According to Outbreak News Today, an article by Harold W. Manter from the Laboratory of Parasitology at the University of Nebraska-Lincoln, and affiliated zoologist, Daniel Brooks warns that humans can expect more illnesses like Lyme disease to emerge in the future, as climate change shifts habitats and brings wildlife, crops, livestock, and humans into contact with pathogens to which they are susceptible but to which they have never been exposed.
The expert admit we are losing the war against emerging pathogens and especially infectious diseases carried by ticks.
The authors explain that most Ixodes ticks spend more than 95% of their lives on or just below the ground surface digesting a blood meal, moulting, in diapause or seeking a host.
The conditions at the ground are critically important to tick survival and population explosion which has been observed by the generations of families that have lived in the Northeast.
My mother was born and raised in a small town near Sunday River Ski Resort in the western mountains of Maine. She was a tomboy and remembers spending hours in the woods and around the lakes and never seeing a single tick.
Now ticks are not only common in the western mountains of Maine, but each year the number of people diagnosed with Lyme disease continues to grow – even by CDC standards. And the population of ticks in coastal Maine, New Hampshire and Massachusetts are far worse than ever before.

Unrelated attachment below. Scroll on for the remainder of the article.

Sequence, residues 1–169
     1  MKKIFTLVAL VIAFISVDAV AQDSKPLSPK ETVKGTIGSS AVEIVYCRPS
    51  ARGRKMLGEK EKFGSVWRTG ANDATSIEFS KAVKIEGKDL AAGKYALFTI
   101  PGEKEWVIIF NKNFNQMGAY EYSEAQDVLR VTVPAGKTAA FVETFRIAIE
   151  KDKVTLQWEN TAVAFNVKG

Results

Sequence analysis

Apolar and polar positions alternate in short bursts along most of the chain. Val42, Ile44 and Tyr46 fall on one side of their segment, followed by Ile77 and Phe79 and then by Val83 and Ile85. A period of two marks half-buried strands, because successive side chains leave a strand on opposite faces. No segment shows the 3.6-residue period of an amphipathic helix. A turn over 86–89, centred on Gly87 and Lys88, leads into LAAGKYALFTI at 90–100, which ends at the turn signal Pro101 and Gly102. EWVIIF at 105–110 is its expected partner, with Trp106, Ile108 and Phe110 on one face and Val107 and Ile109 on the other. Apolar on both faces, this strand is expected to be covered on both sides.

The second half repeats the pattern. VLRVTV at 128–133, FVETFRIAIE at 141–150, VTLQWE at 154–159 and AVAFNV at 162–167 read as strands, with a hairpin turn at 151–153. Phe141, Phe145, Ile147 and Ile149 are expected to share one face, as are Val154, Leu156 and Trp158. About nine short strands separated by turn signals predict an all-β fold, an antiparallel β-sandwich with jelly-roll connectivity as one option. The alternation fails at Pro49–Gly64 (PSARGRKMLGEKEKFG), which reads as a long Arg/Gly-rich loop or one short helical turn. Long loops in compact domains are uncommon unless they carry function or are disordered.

According to “Climate, environmental and socio-economic change: weighing up the balance in vector-borne disease transmission“, Manter and Brooks report that research conducted on Ixodes scapularis around the time of the discovery of Lyme disease, indicated that tick populations in coastal Massachusetts, USA, were only found after mild winters.
The article at this time, I. scapularis in the northeastern United States appeared to be restricted to coastal southern New England, a zone of relatively cool summers and warm winters compared with inland sites. These observations led to the conclusion that extreme cold and heat were unsuitable for this species, limiting its distribution and affecting its population dynamics.
At the time of these observations, researchers mistakenly considered their study organism a distinct, northern species of tick that had been named I. dammini. Only later, when it was revealed that the New England ticks under study belonged to populations of a widespread species,I. scapularis, were many of the conclusions revised.
The presence of I. scapularis in much colder climates of Minnesota and Wisconsin and in much warmer climates of Georgia and South Carolina provided evidence that the species tolerated a considerably wider range of conditions.
Additionally, Changes in habitat mean animals are exposed to new parasites and pathogens. So the ticks that are feeding on the same animals, are picking up more diseases and passing them on to human hosts whether they are aware of it or not.